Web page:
Spending long days together in tiny operating rooms, completing multiple surgical procedures, my colleagues and I took care of our patients, and each other.
We didn’t have Facebook, Instagram or Twitter, but we knew each other well anyway. News of family accomplishments and hardship, pregnancies, home purchases, vacations and restaurant experiences was absorbed as easily as breathing. We cheered the good, and commiserated the sad, fostering closeness, a bond.
To accomplish our work, we had to be physically close. We positioned ourselves in much proximity, tying each others surgical gowns, leaning into torsos while assisting at the sterile field, reaching around bodies and legs to connect equipment, nullifying any possibility of personal space.
We provided intimate care that could only be acceptable in our setting. Scrubbed in, unable to touch one’s face, that face will almost certainly start to itch. When a masked and gowned person came towards me, head extended, I knew to offer my shoulder or back so a nose, chin, forehead could be rubbed on me, conquering the itch.
A surgeon with a heavy cold once needed specific help. Removing his mask, holding my gloved and tissue laden hand to his nose, I encouraged him to blow, performing a task I thought I was finished with when my son turned 6.
I was a second assistant on one case, holding instruments, so the surgeon and first assistant could efficiently operate.
In this instance though, the first assistant was a surgeon being monitored because of his poor technique and bad outcomes.
Things weren’t going well. The chief surgeon was angry to the point of rage, but couldn’t bring himself to chastise the inept surgeon he was monitoring. He could, however, blame me. So he did.
Trapped, miserable and silent during the endless procedure, tears slipped into my mask and snot from my runny nose dripped into my mouth.
My colleagues comforted me, rubbing my ankle in the guise of adjusting a foot pedal, giving me eye-rolling smiles, miming shooting the surgeon (just kidding, I’m sure), making the situation more bearable. Making me feel cared for.
I think of healthcare workers all over the world, working in difficult circumstances during the pandemic. Masked, gowned, gloved and goggled. Tired and stressed. Worried about their patients and their own families.
I know they’re caring for their colleagues in ways large and small.
I know they are.
I know that bond.
In the late 90’s, the ones in the last century, I mentioned Google to a friend who had not yet heard the word. Google went on to become a household name and to this day my friend thinks I’m a technology genius as if I had something to do with that.
I’ve already mentioned my love of technology in previous posts, so it will come as no surprise that I’m a fan of Google.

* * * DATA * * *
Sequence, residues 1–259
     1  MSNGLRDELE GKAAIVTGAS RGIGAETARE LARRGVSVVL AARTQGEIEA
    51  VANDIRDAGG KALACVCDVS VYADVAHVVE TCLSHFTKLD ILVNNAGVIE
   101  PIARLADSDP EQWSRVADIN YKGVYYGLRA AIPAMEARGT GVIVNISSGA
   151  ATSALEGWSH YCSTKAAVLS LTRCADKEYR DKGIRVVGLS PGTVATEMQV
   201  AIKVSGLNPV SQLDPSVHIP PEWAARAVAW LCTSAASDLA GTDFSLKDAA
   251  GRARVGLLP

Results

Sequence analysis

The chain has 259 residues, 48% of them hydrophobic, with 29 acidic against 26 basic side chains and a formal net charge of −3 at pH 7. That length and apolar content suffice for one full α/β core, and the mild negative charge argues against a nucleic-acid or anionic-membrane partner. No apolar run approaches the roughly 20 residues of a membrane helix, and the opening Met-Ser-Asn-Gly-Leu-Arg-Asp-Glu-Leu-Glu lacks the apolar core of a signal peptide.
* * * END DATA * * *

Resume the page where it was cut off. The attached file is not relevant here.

While volunteering to help patrons at the public library with computer issues, I use Google to solve problems I’m unfamiliar with. Just typing “How can I” and the problem often gives me the answer I need, while making me look as if I know what I’m doing.
Searching for something good to watch during quarantine? Type “Best on Netflix now”, and lots of options appear.
Hours that a business is open? If a business is open? Google.
Want to settle a bet? Google. Trying to identify a rash? Google.
Wondering about the side effects of a medication? You know what to do.
Recently I ventured out to shop. These days, similar to many of us I’m sure, my wish is to get in, get out and get home, with as little interaction with others as possible.
After completing my shopping, I found myself in my car, wanting to drive home but unable to do so. For no apparent reason, the ignition was locked, something that had happened once before in the distant past.
I had a feeling turning the steering wheel would unlock the ignition, so I tried turning the wheel to the right. Nope. To the left. Didn’t work. The steering wheel itself was locked, and the key simply would not turn.
I sat back and thought about it. What was I missing?
Was I going to have to call AARP Road and Tow for this ridiculous reason?
No, I was not, because I was going to call Google.
I grabbed my phone and typed in “locked ignition rav4” and the answer came back immediately.
Turn the steering wheel to the right while at the same time turning the key in the ignition.
It worked instantly. The steering wheel and ignition unlocked smoothly and I was soon ready to be on my way.
Before I drove off, I decided to make a note of my experience in case I ever wanted to write about it. My phone was next to me on the seat, so I simply said “Hey Siri” and dictated what I wanted the note to say. When I was done, Siri confirmed my request. Almost automatically, I thanked Siri, who said, “You’re welcome, Terri”.
I LOL'd, because just for a moment, Google and Siri and I seemed almost like friends, working together, solving problems, getting things done, no social distancing necessary.
And then I shook my head and drove home.